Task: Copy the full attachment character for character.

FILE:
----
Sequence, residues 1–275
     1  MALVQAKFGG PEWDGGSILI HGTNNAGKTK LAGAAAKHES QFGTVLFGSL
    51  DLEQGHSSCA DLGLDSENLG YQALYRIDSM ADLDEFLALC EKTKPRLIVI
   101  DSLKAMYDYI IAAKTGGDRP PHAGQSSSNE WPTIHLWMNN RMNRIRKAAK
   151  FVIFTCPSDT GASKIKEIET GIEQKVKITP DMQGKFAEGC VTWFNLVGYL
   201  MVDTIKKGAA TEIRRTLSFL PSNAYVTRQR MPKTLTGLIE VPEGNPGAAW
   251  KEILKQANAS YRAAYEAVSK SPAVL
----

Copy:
Sequence, residues 1–275
     1  MALVQAKFGG PEWDGGSILI HGTNNAGKTK LAGAAAKHES QFGTVLFGSL
    51  DLEQGHSSCA DLGLDSENLG YQALYRIDSM ADLDEFLALC EKTKPRLIVI
   101  DSLKAMYDYI IAAKTGGDRP PHAGQSSSNE WPTIHLWMNN RMNRIRKAAK
   151  FVIFTCPSDT GASKIKEIET GIEQKVKITP DMQGKFAEGC VTWFNLVGYL
   201  MVDTIKKGAA TEIRRTLSFL PSNAYVTRQR MPKTLTGLIE VPEGNPGAAW
   251  KEILKQANAS YRAAYEAVSK SPAVL